Last month South Africans were shocked to learn of a 51% quarter-on-quarter gross domestic product (GDP) decline. Whether you cite this number, or use the annualised figure of a 17% decline in GDP between Q2 in 2020 and 2019, the fact remains that South Africa Inc is struggling.
Uncertainty remains high and confidence remains low. In the near term, we wait on tenterhooks for direction from Finance Minister Tito Mboweni in this month’s Medium-Term Budget Policy Statement (MTBPS). We anticipate a budget deficit of 13.9% of GDP for 2020/21, and we look to the MTBPS for indications on how government plans to consolidate expenditure, narrow the budget deficit, contain debt and fix ailing state-owned enterprises, especially Eskom.
South Africa’s economy has grown in only three of the ten quarters that Ramaphosa has been president, highlighting the local economy’s structural weakness and emphasising that COVID-19 might be the catalyst of “second quarter economic collapse”, but it is not the cause. South Africa’s economic stresses and structural constraints have been laid bare by the pandemic, and the second quarter’s collapse in GDP has added to the pressure on President Ramaphosa and government to push ahead with long-awaited reforms.
While Ramaphosa has outlined the work being done by the State to promote economic growth the fact remains that some of the programmes making up Ramaphosa’s R500 billion stimulus package (intended to sustain individuals and businesses through the crisis) have been caught up in delays, technical difficulties and widespread allegations of corruption.
To boot, the R500 billion carried elements of “double counting”, such as the R130 billion in spending that was not stimulus but rather reprioritised expenditure, and R70 billion in tax relief that is deferral of obligations and not elimination. The stimulus thus makes for impressive policy pronouncements but poor impact.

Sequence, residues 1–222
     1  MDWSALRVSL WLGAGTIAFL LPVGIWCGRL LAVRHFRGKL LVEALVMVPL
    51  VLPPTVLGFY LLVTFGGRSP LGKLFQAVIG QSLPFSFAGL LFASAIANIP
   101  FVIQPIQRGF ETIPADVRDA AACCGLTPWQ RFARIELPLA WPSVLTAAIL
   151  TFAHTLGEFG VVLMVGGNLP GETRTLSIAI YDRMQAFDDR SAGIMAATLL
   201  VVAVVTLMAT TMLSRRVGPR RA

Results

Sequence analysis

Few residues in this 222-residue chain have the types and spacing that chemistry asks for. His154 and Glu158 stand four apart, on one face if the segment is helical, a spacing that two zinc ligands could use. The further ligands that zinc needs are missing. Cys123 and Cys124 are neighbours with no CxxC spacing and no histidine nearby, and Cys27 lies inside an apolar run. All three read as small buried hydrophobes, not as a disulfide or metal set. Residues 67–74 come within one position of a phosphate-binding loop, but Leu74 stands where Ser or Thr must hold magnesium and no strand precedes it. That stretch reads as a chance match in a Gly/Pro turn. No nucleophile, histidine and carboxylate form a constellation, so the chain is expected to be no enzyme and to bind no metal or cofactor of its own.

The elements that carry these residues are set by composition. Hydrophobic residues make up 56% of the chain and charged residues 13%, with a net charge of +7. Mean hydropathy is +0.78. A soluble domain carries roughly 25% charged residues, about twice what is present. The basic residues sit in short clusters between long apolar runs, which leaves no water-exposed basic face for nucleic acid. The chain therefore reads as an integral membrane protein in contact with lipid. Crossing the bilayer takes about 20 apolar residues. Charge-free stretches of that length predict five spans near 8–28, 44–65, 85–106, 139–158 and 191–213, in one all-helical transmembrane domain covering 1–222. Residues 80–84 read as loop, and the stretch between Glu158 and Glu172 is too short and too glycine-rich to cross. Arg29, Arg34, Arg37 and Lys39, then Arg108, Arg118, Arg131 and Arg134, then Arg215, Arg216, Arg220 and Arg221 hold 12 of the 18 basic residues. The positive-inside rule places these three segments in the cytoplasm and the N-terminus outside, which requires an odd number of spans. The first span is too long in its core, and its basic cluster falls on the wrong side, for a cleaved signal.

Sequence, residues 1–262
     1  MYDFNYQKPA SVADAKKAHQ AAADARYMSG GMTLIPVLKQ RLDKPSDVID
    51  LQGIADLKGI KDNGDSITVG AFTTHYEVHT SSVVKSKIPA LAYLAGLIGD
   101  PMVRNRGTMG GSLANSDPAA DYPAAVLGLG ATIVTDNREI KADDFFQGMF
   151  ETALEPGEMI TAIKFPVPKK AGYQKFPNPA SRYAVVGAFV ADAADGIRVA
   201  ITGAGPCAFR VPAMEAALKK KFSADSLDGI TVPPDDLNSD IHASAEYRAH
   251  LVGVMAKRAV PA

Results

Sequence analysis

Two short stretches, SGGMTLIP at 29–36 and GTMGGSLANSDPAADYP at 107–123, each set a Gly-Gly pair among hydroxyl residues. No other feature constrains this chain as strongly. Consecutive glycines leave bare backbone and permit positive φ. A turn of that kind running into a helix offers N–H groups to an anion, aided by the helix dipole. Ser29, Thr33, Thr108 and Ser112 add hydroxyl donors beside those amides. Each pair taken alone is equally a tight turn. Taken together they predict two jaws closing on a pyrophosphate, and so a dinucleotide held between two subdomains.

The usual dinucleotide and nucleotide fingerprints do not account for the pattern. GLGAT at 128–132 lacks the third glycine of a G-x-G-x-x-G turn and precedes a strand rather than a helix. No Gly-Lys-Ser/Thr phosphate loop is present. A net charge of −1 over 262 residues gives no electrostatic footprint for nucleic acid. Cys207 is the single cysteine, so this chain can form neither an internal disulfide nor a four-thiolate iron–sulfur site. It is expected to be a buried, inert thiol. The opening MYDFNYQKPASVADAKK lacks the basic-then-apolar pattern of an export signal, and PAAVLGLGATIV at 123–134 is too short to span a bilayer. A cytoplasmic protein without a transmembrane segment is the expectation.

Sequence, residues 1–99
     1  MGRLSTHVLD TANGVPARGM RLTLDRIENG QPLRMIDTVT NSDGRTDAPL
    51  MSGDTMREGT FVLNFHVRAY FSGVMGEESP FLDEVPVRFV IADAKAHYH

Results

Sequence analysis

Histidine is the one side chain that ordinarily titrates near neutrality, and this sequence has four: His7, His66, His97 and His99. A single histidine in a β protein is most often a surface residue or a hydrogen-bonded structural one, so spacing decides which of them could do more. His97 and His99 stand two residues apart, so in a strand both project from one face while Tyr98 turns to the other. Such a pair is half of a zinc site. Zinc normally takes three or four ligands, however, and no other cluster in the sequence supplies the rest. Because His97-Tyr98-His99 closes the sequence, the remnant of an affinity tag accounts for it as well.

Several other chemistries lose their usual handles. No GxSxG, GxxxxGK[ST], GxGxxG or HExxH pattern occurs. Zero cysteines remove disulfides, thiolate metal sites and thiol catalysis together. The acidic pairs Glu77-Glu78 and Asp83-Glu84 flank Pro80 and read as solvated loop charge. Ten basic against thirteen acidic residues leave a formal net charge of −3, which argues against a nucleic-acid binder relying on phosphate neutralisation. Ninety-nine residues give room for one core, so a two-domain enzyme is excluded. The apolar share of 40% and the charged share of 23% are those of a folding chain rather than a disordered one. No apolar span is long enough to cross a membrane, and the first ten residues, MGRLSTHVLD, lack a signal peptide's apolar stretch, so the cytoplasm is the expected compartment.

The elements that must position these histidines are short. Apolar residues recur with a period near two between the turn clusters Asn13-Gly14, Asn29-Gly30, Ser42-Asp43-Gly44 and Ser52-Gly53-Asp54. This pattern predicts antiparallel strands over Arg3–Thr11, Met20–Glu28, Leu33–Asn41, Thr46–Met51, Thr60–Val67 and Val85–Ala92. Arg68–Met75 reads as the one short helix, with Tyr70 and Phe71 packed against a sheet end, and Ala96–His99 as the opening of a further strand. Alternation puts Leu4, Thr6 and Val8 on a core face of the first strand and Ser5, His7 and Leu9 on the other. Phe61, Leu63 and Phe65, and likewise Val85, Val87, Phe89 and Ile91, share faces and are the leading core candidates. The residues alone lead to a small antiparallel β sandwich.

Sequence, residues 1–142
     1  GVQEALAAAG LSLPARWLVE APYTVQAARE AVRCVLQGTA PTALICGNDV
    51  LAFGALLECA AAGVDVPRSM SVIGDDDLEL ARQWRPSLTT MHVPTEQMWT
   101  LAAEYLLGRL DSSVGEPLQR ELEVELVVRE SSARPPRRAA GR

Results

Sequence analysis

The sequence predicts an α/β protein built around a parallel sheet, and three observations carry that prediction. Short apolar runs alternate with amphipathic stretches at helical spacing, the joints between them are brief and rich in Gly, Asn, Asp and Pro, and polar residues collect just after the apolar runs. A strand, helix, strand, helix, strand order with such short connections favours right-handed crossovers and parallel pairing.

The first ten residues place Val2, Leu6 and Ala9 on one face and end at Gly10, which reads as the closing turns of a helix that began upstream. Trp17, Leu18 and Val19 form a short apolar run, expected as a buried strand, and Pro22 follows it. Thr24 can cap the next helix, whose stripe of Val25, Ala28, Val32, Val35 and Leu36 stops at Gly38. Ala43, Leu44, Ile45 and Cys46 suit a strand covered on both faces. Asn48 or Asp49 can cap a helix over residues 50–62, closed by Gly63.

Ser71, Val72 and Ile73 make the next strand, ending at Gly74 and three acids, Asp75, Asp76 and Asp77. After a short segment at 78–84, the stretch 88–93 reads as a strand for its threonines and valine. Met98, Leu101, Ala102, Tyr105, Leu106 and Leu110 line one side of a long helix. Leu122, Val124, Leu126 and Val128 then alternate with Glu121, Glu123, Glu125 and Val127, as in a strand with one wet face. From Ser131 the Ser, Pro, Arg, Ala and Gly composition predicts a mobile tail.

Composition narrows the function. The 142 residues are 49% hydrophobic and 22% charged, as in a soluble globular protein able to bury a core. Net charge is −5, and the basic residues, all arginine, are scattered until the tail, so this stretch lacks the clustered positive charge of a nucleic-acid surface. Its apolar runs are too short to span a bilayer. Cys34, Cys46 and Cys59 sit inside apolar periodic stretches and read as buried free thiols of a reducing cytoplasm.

Other constraints remain deep-rooted, including electricity supply challenges; persistent policy uncertainty surrounding the South African Reserve Bank (SARB) and land ownership; and the slow implementation of crucial reforms which hold back investor confidence and choke growth prospects. Consequently, Cannon Asset Managers has left our forecast unchanged of a 9.1% contraction in GDP for 2020.
In some good news, high frequency data releases in the third quarter – particularly the BETI index, domestic VAT receipts and Google activity data – point to recovery, even as electricity cuts push confidence even lower. The early data points to a third-quarter bounce in GDP of at least 50.0%, which is a long way ahead of the SARB’s 18.0% forecast. The small agricultural sector and the important mining sector could lead the way in this recovery, while other sectors including transport, finance and insurance are capable of quick recovery given their strong bases.
To borrow from former British Prime Minister Harold Wilson, a week in politics is a long time – and the same holds in the volatile economic environment that has gripped this year. We can only hope that October’s MTBPS marks a turning point in government’s response to the economic degradation and policy stagnation that have plagued South Africa for a decade. Time is no longer on our side.